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Story Data

Posted July 16, 2010

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Series: Eureka Moments

Title: Looking On Tempests

Author: Jedi Buttercup

Disclaimer: The words are mine; the world is not. I claim nothing but the plot.

Rating: PG.

Summary: He should have been more careful what he asked for. 800 words.

Spoilers: Eureka 4.1 "Founder's Day"

Notes: Title and embedded quote from Shakespeare's Sonnet 116.

Henry stared at the little metal circle the woman had dropped in his hand, completely taken aback. Smooth, golden in both color and metal, warm from being held close to her body: there was no question what it was, despite the fact that he'd never worn one in his life. A wedding ring.

Don't forget this, she'd said. As though it were habit for her to keep it in her pocket for him while they worked. As though her Henry had forgotten it, at least once, in the past-- implying that the arrangement had been going on for awhile. And lest there be some confusion about them being only coworkers, that he might be married to someone else-- she'd kissed him, a casual, comfortable peck on the lips, and asked if she'd see him later at 'home'.

He was married to that woman. That-- Grace. Why? How? He barely even knew her! Before that little bout of accidental time travel, the only thing they'd had in common had been the 1947 Chrysler she'd borrowed from the Eureka Museum for the town's sixtieth Founders' Day anniversary. The same Chrysler she'd just been working under-- wearing a stained, age-worn pair of coveralls labeled with her name and the name of his garage. She clearly believed she belonged in this place, this space, that for so long had been Henry's alone.

He remembered complaining to Jack just that morning: 'if only there were two of me.' He should have been more careful what he asked for. Two Drs. Deacon: it boggled the mind. Or... were there? Had she taken his name, or was she still a Monroe? He'd never cared one way or the other on the subject, unlike Jason, who'd taken real pleasure in stamping his own name all over his wife and her research.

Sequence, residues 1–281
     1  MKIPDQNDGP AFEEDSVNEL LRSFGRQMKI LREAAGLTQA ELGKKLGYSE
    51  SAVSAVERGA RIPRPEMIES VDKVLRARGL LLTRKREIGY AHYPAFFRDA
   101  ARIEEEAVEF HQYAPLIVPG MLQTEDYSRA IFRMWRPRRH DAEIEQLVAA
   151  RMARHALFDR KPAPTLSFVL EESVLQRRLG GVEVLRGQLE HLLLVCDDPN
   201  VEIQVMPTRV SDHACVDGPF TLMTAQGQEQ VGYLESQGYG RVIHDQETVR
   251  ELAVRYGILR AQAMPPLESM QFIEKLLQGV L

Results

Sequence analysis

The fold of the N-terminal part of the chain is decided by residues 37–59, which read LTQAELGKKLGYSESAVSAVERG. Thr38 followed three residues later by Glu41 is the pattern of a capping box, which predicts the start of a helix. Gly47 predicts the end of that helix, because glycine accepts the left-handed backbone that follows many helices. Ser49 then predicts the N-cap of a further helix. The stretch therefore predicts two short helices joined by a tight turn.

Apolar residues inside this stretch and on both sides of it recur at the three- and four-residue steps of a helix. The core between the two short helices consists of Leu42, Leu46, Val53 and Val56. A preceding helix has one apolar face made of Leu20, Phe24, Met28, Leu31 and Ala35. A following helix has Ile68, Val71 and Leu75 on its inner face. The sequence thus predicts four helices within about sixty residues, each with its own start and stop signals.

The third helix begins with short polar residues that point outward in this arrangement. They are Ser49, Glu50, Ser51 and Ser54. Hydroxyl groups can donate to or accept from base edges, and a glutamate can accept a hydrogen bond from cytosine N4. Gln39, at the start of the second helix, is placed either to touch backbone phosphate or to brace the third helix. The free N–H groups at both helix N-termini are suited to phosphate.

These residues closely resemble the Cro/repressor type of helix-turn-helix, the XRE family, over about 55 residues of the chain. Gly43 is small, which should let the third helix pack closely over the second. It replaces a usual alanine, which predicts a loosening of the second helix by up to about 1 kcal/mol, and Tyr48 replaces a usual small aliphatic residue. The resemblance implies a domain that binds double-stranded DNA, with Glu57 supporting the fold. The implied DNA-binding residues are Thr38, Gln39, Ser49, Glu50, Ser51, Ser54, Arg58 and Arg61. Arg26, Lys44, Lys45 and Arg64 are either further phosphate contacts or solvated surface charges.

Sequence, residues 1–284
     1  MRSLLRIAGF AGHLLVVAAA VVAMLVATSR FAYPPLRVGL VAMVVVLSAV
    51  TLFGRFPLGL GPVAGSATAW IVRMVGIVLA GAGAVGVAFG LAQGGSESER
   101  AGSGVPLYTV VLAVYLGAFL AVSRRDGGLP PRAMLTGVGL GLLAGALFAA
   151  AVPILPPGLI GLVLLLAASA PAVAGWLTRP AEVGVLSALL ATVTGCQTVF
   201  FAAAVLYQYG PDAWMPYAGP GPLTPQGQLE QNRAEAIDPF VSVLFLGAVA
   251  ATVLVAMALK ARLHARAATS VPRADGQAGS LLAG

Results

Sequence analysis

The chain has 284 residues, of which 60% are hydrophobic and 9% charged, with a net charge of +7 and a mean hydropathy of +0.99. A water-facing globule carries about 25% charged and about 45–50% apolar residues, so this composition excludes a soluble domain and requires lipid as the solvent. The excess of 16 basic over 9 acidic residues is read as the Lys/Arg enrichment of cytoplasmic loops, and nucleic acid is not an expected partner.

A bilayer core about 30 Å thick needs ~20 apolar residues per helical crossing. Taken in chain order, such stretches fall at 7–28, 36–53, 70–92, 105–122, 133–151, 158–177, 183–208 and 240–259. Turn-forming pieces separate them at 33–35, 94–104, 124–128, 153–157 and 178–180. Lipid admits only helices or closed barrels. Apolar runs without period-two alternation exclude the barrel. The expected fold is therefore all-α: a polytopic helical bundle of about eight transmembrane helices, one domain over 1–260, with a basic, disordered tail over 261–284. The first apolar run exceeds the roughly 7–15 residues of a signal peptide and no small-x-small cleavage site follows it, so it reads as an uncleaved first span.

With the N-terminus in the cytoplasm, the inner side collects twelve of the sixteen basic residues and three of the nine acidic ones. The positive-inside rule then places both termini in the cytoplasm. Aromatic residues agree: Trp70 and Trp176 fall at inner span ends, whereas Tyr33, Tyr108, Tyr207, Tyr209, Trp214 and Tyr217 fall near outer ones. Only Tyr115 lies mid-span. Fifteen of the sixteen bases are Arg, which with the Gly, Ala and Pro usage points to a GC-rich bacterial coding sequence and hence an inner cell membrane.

How could Henry have married anyone who wasn't Kim? He'd never really thought of himself as a romantic, but there was a part of him that truly believed that love was never-ending; that it 'altered not when it alteration found'. Not when separated by a jealous man with a memory modification device; not when parted again by death; not when divided a third time by the well-meaning act of a friend. He worked on the data that would be her monument every day; he had no room left over, not yet, to give to any other woman.

How could this timeline's Henry have been any different? For him to have come to Eureka at all he must still have been the same frustrated idealist who'd made himself persona non grata in politically sensitive scientific circles; without Nathan's offer to join this isolated think-tank of a community, there was no telling where Henry would have ended up after leaving NASA. And if this other Henry had had the same heart, how could he have put Kim behind him so easily?

...Could it have been an external difference, not a change in himself? Henry swallowed hard as the thought occurred to him: had this timeline's Henry Deacon never lost Kim at all? Had he never even discovered that Kim Yamazaki had once been his to lose in the first place, before Jason Anderson had stolen Henry's project and used it to take his place in Kim's life?

...Could this timeline's Kim still be alive?

Henry found himself balking at that thought. If she was... and if the timeline they'd come back to was stable, unlike the one Jack had been forced to destroy two years ago....

Henry let a slow breath out and clenched his hand around the ring. No; he couldn't allow himself to think that way. He wasn't that guy anymore. The raging idealist had learned a little pragmatism over the course of those four unwound years, not to mention his experiences afterward: earning vengeance for Kim's death, saving the life of a friend's child, betraying another friend, and losing a former student to a ridiculously improbable malfunction of a temporal project. It might be clichéd, but it was true: great power-- and great opportunity-- meant great responsibility. He'd always believed that; and Jack had reminded him of it at great cost to them both. He couldn't allow himself to forget the lesson again.

So many questions. No answers. And an extremely thorny knot to untangle. Grace was waiting for him; and afterward, he'd see the other four time travelers again at the Founders' Day celebration. They'd have to share stories, find out how many other lives had changed in similarly dramatic ways, and try to track those changes back to a single source.

He would not be part of the problem again.

Henry weighed the ring in his hand once more, then sighed, slid it on, and headed out to become part of the solution.


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